Winter is a great time for a lot of things but, quite disappointingly, naked pagan dancing is not one of them.  Cold weather and Seinfeldian shrinkage notwithstanding, tonight is the best opportunity for naked pagan dancing in winter in 372 years.  Why? Because tonight, starting at 00:33 CST a lunar eclipse will occur on a solstice.  That hasn’t happened since 1638 – pretty cool. NASA’s page about it is excellent.  My goodness, Dr. Tony Phillips is a scientist who can write concisely and understandably, and apparently he knows some good graphic artists.

So what do I plan to do with this information?  Well, I’ve been watching the visible satellite at intervals today to see if there is even a chance at a clear sky tonight. Visible satellite images are for total weather geeks, as we know that the usual satellite images that you see on television are infrared (IR) satellite images, which are really an indication of the temperature of cloud tops, which are then represented by differing shades of white.  Pooh pooh, IR is not real data.  Visible satellite imaging is ground truth.  Ok, cloud truth.  However, weather geek strategy falls to dust when the sun goes down, since visible satellite is just that, a visible picture of clouds taken from a geosynchronous satellite 36k km above the earth.  When the sun goes down, the clouds are not visible.  Wah.  But I digress.

Anyway, there appears to be a break, or at least a thinning of the clouds that may pass over our house in central Iowa just around the right time.  So, here’s my plan.  Set the alarm for 00:25, put on boots and a big coat over my jammies and go out on the deck and watch the earth’s shadow take the first small bite out of the bright white disk of the moon.  Then I’ll probably watch that for a bit.  Snap a few pictures.  Then I’ll get sleepy and go lie on the couch for a few hours.  Then the alarm goes off again at 0300, when I will get up and put on really warm clothes and take a few pictures of what should be a blood red moon.  I’ll go out and see what the horses are doing.  I love any excuse to walk out to the pasture  in the quiet of night and be with the boys.  Maybe they’ll be in the barn, where they can come and go at will.  I love that they’ll probably be awake as day, the same way they are dozey as night at 10 a.m. everyday.  Their sleep cycles aren’t like ours.  They don’t stay up 16 hours straight and sleep 8.  They like it best to stay awake 3 hours and sleep 30 minutes or something.  I once had an off track thoroughbred who laid down in his stall and fell into a deep doze between dressage and xc at his first show.  He popped awake for xc and galloped like a metronome around the course.  King of the catnap.  Crazy.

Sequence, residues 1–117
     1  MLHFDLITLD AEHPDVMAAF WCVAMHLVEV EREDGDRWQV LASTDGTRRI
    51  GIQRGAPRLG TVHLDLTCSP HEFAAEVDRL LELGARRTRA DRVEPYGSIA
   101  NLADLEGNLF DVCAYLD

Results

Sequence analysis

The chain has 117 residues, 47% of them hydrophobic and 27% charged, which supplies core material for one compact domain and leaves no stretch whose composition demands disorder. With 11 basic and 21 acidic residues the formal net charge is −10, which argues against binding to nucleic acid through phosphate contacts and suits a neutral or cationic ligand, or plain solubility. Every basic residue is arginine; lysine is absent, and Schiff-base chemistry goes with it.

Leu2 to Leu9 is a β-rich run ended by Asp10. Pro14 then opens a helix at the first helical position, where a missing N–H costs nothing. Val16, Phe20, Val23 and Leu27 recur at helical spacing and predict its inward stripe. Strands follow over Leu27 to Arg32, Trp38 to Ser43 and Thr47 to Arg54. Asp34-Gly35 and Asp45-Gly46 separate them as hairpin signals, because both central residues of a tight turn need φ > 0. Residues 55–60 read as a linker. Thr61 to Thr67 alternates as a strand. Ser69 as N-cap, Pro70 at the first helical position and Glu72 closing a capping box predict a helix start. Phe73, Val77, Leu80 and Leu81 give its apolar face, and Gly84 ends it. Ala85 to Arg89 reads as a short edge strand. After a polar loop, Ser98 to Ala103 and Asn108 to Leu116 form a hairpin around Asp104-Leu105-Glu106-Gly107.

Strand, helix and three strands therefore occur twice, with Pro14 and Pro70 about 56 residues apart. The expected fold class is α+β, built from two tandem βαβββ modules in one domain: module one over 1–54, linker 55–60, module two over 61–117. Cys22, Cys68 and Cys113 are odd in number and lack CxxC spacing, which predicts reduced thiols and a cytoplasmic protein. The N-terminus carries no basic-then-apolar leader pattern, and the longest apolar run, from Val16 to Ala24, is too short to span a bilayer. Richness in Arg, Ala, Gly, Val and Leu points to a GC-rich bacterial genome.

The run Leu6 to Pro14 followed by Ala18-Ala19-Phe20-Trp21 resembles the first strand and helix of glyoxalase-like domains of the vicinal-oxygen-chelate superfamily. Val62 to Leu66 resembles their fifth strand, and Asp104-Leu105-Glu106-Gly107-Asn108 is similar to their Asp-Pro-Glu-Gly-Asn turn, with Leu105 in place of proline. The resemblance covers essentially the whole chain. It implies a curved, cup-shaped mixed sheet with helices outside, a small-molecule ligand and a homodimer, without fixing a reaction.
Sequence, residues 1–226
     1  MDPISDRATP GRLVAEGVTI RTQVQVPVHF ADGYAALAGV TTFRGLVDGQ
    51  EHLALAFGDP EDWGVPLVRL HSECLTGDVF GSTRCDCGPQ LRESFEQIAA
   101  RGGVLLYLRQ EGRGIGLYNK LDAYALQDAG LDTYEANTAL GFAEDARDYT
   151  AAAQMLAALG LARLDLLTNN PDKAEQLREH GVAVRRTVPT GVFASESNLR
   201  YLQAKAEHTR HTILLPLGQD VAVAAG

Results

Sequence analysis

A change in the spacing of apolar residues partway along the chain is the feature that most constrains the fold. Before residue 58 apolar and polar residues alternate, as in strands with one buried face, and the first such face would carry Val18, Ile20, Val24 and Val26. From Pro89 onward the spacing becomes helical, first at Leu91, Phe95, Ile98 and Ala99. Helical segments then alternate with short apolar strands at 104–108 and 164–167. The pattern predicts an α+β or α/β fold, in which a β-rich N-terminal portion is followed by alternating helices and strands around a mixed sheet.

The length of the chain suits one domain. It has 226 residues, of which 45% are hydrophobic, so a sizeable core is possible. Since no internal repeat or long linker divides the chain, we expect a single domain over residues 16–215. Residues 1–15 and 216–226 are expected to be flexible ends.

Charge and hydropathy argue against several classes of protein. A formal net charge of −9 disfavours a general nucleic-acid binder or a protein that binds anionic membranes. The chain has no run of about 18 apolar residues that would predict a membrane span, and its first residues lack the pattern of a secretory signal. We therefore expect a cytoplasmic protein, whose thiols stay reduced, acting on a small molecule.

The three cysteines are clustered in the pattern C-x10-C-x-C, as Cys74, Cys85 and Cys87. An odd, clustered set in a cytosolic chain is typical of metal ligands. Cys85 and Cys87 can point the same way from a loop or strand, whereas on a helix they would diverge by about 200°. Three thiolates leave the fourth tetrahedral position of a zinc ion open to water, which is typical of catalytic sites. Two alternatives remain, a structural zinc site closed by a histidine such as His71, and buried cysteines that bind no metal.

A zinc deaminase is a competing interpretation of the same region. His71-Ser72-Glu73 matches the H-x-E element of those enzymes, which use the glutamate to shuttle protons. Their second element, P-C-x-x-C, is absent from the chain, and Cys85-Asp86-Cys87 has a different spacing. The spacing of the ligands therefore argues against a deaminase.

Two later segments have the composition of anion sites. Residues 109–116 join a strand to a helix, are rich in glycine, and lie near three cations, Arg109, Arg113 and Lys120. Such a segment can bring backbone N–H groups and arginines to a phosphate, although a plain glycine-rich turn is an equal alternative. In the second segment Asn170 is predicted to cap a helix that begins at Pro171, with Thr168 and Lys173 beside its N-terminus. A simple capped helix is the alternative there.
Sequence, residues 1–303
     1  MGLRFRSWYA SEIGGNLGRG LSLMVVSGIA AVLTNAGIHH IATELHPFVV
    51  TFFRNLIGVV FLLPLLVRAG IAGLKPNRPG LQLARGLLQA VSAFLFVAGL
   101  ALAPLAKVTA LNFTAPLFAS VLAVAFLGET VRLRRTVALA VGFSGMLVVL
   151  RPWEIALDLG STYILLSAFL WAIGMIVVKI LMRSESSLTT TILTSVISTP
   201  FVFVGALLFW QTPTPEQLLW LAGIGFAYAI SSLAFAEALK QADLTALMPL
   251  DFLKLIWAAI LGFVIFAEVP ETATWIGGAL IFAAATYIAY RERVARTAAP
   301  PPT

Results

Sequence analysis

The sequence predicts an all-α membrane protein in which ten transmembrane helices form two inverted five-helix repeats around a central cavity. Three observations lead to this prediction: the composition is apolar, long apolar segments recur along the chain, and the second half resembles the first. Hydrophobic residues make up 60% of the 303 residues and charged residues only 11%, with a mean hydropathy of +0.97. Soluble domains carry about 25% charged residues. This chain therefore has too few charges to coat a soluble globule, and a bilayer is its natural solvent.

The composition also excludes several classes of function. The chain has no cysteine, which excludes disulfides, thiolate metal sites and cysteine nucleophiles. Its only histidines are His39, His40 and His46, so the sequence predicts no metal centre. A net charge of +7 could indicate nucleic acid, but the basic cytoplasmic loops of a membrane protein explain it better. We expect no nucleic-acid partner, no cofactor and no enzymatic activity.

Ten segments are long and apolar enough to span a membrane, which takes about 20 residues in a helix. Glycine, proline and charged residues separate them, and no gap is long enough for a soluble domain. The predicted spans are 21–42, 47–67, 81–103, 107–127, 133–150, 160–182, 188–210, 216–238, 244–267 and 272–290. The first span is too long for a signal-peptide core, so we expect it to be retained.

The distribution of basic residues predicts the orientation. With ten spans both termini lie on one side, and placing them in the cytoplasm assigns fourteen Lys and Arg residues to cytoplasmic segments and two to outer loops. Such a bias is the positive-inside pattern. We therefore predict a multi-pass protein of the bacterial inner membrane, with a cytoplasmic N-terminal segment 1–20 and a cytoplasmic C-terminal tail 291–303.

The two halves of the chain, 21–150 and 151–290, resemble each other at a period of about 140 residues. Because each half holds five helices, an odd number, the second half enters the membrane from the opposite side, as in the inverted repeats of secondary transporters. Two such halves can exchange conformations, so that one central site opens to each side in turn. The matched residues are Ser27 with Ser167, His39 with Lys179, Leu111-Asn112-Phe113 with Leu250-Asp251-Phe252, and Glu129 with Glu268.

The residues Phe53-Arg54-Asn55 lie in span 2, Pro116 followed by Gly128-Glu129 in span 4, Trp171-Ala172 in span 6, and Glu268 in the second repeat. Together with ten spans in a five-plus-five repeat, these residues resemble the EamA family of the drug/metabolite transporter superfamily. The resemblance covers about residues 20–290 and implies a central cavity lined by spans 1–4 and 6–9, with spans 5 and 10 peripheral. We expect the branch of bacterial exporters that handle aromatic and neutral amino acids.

With all the puttering around tonight, maybe I’ll be a little tired tomorrow.  Maybe I’ll have to sneak off for a catnap.  I guess I’ll be sleeping like a horse.  Enjoy.

One of the tricks to being the Horsitivity Girl and keeping a positive attitude, is dealing as well as I can with days that are not so terrific.  Today is not a bad day at all, Jay and I are well, all the horses are well, so the basics are covered.  But I am annoyed with the mud that is part and parcel of the arena construction project.  This can really drag on a person as my paddock boots are always dirty and heavy with mud.  My barn is full of mud.  The footing is terrible everywhere, so I am limiting my riding to only the absolutely necessary rides, which bums me out.  It is overcast today and there is a long winter ahead.  All these add up to a slight melancholy for me.  But it is ridiculous for a person as fortunate as me to whine, so for days like this I always keep something easy and fun to do that cheers me up.

My cheerup for the moment is the helmet cam video of Peter Atkins riding Henry Jo Hampton around the WEG xc course.  Peter has a fun accent, he talks to his horse like he loves him, and watching the video generally reminds me of all that is effortless and fun and why horses and the people who love them are great.  The sort of growling you hear is him saying “Henny!”, the horse’s name.  He also takes out the flag at the third to the last obstacle and doesn’t miss a beat, just lands it and takes the option.  Love it.  Enjoy.

Tomorrow is supposed to be very windy, with rain.  So today we are getting as much done as we can outside – riding as many horses, raking leaves, and it turns out, late night dog walking in the pasture.

Even though the moon is nearly full, it is dark outside tonight.  The cloud cover has overpowered the luminosity of the moon and a southeast breeze blows forebodingly. But it is still mild enough out for a walk and we take the three dogs out.

Dory the wonder pup